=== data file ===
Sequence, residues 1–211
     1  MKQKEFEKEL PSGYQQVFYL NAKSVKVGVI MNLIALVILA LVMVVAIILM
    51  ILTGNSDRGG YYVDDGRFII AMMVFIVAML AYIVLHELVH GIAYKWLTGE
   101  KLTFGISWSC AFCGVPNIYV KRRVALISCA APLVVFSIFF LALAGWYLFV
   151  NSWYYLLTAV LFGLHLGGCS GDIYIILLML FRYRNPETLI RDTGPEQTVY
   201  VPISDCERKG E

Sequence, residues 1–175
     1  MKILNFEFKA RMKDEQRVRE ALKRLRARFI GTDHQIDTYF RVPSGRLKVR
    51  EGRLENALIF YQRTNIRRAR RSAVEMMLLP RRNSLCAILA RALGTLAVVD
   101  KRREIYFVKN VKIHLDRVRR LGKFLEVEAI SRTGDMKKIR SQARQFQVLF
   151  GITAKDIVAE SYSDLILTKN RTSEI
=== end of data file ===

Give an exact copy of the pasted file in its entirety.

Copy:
Sequence, residues 1–211
     1  MKQKEFEKEL PSGYQQVFYL NAKSVKVGVI MNLIALVILA LVMVVAIILM
    51  ILTGNSDRGG YYVDDGRFII AMMVFIVAML AYIVLHELVH GIAYKWLTGE
   101  KLTFGISWSC AFCGVPNIYV KRRVALISCA APLVVFSIFF LALAGWYLFV
   151  NSWYYLLTAV LFGLHLGGCS GDIYIILLML FRYRNPETLI RDTGPEQTVY
   201  VPISDCERKG E

Sequence, residues 1–175
     1  MKILNFEFKA RMKDEQRVRE ALKRLRARFI GTDHQIDTYF RVPSGRLKVR
    51  EGRLENALIF YQRTNIRRAR RSAVEMMLLP RRNSLCAILA RALGTLAVVD
   101  KRREIYFVKN VKIHLDRVRR LGKFLEVEAI SRTGDMKKIR SQARQFQVLF
   151  GITAKDIVAE SYSDLILTKN RTSEI